Using past practices for mobile web development
The online world is constantly changing and this demands to continuously adapt and develop our skills to keep abreast of the latest trends. In the last few years, one of the biggest areas of change on the Internet has been the amount of users who are now accessing the web on mobile devices. Designing sites for mobile devices requires a strategic approach which is arguably looking back a number of years at how we might have developed for desktop devices in the past.
A mobile website should concentrate on the most important content. Because of the lack of screen space and the slower Internet connections on mobile devices, it is important for visitors to have quick and easy access to the most relevant and necessary information. At a time when most websites are now overflowing with content, the simplicity of the mobile website can be quite refreshing. Also, moving back towards a larger font style enhances readability, and larger buttons are easier to hit with your fingers.
The variety of screen sizes
One of the most important factors when we design a mobile web solution is the screen size. Although we are already used to catering for varying desktop screen sizes, the challenge is even greater when it comes to mobile designs. In the past 8-10 years desktop screens have become larger and larger and this was reflected in the way we design websites – going from 800×600 to 1024×768 and now to 1200×900 and beyond in some instances. In the last couple of years however, mobile devices have become more and more popular for web browsing so we’re facing the opposite challenge.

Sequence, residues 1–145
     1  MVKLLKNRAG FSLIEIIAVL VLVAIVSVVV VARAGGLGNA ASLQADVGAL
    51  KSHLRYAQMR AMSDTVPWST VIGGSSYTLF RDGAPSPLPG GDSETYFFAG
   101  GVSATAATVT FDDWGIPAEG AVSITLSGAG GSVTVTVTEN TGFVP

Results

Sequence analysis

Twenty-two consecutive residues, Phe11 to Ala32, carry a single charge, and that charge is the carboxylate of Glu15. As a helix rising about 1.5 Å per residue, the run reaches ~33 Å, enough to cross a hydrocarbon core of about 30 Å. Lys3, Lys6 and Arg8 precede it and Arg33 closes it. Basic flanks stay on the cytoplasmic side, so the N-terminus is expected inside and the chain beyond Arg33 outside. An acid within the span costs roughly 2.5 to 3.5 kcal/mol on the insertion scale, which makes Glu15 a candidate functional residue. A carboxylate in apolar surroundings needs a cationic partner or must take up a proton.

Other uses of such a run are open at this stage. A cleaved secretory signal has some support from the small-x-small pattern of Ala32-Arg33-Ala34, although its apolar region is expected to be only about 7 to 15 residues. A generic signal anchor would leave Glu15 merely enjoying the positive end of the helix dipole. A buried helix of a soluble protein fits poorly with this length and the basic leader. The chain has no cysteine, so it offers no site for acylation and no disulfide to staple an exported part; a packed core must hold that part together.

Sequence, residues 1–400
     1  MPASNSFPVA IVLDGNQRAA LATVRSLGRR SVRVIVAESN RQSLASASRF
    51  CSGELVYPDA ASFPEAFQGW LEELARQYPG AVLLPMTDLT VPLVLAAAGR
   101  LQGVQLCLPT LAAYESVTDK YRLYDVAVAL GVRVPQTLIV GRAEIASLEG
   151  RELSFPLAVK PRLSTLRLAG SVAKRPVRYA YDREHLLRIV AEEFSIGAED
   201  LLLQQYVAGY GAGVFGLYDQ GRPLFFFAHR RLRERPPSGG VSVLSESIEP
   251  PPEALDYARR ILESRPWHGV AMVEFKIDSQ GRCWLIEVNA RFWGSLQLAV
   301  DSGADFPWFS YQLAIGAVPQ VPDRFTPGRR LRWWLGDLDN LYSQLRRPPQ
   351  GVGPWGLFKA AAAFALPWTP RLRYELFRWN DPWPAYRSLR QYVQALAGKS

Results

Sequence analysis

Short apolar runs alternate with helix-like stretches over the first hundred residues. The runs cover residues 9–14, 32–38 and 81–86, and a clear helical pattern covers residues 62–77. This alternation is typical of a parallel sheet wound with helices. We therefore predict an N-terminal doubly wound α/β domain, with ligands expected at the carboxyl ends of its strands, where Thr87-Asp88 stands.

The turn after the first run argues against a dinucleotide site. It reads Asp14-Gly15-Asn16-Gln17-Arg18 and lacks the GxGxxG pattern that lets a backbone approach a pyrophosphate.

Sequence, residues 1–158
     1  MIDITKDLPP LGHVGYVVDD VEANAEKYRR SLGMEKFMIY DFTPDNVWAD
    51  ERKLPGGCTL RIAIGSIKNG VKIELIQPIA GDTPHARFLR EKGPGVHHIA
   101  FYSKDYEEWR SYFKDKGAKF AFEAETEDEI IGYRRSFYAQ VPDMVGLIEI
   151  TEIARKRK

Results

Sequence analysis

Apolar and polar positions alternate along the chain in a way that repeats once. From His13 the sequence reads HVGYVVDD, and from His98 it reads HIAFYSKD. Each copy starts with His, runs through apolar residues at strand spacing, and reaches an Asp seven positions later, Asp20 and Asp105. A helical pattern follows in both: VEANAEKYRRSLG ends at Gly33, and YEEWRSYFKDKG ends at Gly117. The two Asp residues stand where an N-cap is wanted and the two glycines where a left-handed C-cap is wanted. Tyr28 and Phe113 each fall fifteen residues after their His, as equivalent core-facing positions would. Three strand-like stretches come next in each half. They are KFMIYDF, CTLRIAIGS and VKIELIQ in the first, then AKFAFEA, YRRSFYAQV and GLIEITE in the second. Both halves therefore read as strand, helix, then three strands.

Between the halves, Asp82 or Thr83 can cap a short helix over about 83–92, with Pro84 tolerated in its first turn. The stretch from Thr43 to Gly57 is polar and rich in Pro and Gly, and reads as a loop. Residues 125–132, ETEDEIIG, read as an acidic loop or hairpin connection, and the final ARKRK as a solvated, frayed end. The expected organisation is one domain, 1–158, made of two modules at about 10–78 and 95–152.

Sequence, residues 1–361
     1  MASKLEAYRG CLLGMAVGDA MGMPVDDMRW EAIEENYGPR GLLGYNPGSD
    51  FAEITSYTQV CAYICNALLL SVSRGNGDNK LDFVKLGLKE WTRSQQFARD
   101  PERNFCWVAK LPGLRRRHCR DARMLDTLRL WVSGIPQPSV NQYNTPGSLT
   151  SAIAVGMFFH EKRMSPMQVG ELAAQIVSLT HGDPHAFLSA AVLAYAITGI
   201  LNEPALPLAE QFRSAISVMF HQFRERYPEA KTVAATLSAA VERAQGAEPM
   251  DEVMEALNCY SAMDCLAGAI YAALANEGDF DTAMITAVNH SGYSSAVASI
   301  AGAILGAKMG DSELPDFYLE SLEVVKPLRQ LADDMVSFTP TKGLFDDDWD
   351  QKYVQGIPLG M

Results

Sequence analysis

Studies show that 240 x 320 (aka QVGA) should be standard for mobile development but Many newer cell phones and smart phones have larger and tighter pixel resolutions screens with the iPhone 4 for example being 960×640, with the smaller resolutions becoming outdated as time passes.
For desktop websites, high-speed Internet connections have become the norm in recent years, and we have been able to take more liberties with pictures and video. But when it comes to mobile design, the damage of the excessive use of images is often more than the benefits. Additionally, the size of the screen makes images hard to see and the content harder to read. For these reasons it is very common to see minimal use of images in mobile web designs. The advantage of a smartphone with a touch screen is that images are of better quality, and so allows the user to tap, swipe and zoom on a picture which leads to better and more engaging experience.
So if we are looking back at the lessons and methods of how we once produced desktop sites years ago, it will be interesting to see how this platform develops and whether it will, at some stage, converge with current desktop practices.